The Eurobitum bituminised waste product (BWP) from the former EUROCHEMIC reprocessing plant in Mol-Dessel (Belgium) contains a lot of salts, mainly NaNO3 and CaSO4. In contact with pore water in an underground repository, the dehydrated salts in the BWP will rehydrate, resulting in swelling and, possibly, a swelling pressure build-up. A high swelling pressure might impede the integrity and the safety of the repository by creation of preferential pathways for radionuclide migration. In Belgium, the Boom Clay is studied as a reference host formation.
The interaction between the swelling BWP and the host formation is a very complicated hydromechanical process. It depends not only on the hydromechanical behaviour of the Boom Clay, but also on that of the BWP. The hydromechanical constitutive law of Eurobitum is not yet established. We have therefore realised scoping calculations to assess the stress redistribution and deformation due to the recompression of the clay around a disposal gallery caused by a swelling pressure. Sensitivity studies have evidenced some important influencing factors.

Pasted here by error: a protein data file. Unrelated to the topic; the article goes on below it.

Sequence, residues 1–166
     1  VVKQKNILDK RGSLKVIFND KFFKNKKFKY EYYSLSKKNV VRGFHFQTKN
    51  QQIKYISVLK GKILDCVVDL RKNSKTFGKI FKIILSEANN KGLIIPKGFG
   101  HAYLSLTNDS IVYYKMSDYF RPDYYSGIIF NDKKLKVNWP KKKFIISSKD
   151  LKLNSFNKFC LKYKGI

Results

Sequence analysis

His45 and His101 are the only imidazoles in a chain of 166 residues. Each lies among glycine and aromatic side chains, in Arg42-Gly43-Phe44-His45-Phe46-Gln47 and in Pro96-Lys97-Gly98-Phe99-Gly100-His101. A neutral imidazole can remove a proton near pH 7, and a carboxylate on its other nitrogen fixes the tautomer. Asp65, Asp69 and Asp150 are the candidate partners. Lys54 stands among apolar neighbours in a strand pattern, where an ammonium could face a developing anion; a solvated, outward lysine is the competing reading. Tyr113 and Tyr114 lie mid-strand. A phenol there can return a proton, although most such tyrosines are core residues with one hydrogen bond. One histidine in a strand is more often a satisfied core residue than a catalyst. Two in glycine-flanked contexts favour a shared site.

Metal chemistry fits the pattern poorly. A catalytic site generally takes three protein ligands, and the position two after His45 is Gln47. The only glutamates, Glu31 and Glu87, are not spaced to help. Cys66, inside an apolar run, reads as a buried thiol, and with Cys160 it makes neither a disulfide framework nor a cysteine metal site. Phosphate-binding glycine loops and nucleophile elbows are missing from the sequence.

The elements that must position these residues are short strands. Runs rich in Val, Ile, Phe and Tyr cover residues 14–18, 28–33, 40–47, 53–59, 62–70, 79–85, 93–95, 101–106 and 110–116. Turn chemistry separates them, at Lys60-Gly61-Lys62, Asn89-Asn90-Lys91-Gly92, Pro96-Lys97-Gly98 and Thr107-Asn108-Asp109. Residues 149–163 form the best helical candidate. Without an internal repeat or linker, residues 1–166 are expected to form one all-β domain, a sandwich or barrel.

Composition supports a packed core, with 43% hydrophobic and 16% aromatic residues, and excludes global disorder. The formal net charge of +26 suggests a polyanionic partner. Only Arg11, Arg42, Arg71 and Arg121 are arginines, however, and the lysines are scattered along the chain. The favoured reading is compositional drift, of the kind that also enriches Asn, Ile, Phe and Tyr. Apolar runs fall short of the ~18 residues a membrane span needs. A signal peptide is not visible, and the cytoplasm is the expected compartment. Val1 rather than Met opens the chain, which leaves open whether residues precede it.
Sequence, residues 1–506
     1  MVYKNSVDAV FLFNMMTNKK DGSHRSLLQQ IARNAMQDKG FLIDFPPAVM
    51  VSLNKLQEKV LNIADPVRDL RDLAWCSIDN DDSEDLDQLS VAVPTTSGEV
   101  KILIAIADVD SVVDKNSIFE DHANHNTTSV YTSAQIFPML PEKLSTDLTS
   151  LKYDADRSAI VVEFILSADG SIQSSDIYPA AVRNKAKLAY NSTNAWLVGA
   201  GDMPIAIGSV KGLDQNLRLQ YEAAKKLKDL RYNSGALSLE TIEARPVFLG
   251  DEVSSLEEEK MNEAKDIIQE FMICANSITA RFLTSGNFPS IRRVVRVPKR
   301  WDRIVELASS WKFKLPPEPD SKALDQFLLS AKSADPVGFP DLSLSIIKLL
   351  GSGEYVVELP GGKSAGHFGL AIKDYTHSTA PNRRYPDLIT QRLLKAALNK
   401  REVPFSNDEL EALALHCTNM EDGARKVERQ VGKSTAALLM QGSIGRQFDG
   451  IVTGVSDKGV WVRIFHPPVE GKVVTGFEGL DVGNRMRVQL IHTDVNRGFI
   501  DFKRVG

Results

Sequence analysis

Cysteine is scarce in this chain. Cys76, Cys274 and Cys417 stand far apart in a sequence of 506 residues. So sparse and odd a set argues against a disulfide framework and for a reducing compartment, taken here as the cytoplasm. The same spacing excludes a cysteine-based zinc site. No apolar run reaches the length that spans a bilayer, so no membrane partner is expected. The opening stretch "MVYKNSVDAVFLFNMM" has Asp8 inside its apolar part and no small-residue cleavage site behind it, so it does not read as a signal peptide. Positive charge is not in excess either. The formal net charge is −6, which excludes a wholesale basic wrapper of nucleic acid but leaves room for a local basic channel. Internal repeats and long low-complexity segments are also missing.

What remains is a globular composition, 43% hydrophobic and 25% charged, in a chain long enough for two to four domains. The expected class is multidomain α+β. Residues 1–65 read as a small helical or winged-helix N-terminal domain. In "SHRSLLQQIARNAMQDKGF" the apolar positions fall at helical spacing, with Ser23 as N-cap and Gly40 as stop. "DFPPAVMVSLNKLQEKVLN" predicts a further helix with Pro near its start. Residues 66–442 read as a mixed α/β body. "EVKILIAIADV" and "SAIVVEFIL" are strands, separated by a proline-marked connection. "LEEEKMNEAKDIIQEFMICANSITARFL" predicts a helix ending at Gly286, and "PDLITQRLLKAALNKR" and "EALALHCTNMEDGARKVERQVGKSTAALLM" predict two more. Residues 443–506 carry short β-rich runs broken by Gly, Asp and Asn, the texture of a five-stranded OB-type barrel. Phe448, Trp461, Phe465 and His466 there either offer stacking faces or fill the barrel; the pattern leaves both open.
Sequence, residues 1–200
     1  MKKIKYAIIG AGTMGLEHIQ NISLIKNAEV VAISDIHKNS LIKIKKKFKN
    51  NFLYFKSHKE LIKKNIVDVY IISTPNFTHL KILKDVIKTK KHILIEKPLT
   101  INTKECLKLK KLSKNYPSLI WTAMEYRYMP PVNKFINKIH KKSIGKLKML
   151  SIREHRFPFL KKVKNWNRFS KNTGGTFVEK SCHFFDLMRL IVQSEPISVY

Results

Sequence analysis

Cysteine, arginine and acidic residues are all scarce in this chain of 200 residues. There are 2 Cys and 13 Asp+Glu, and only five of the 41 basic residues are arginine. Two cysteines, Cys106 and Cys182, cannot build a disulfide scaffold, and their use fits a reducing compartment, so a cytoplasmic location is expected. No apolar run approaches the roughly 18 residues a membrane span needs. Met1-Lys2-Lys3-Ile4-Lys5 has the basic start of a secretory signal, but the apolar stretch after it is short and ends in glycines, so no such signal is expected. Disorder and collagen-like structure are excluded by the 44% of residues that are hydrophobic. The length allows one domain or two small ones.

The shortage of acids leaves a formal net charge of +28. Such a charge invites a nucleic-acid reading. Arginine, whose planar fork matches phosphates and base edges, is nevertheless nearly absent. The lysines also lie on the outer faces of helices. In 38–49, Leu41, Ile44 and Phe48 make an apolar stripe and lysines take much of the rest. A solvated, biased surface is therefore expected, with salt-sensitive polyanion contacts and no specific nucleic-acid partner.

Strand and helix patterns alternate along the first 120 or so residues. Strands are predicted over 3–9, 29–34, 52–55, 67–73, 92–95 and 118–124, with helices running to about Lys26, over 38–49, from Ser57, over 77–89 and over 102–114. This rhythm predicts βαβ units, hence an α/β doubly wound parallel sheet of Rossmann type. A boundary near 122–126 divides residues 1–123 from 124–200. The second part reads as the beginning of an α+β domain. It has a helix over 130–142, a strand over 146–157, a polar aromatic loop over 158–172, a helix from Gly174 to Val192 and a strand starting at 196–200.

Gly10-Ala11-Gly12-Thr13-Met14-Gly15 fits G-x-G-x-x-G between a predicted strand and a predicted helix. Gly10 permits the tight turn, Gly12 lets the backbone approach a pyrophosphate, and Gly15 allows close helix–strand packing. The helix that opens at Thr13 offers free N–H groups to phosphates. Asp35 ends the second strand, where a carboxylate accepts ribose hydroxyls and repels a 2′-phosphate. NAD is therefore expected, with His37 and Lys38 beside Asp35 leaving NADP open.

The scoping calculations showed that the swelling pressure exercised to the Boom Clay should be limited to 7 - 8 MPa. Beyond this limit, the Boom Clay host formation will be subject to important deformation, and the risk of preferential paths for radionuclide transport becomes very high. The convergence during the excavation of the disposal galleries is of primary importance for a safe waste disposal system design. Indeed, excess convergence may result in a higher damaged zone before disposal of the bituminised waste.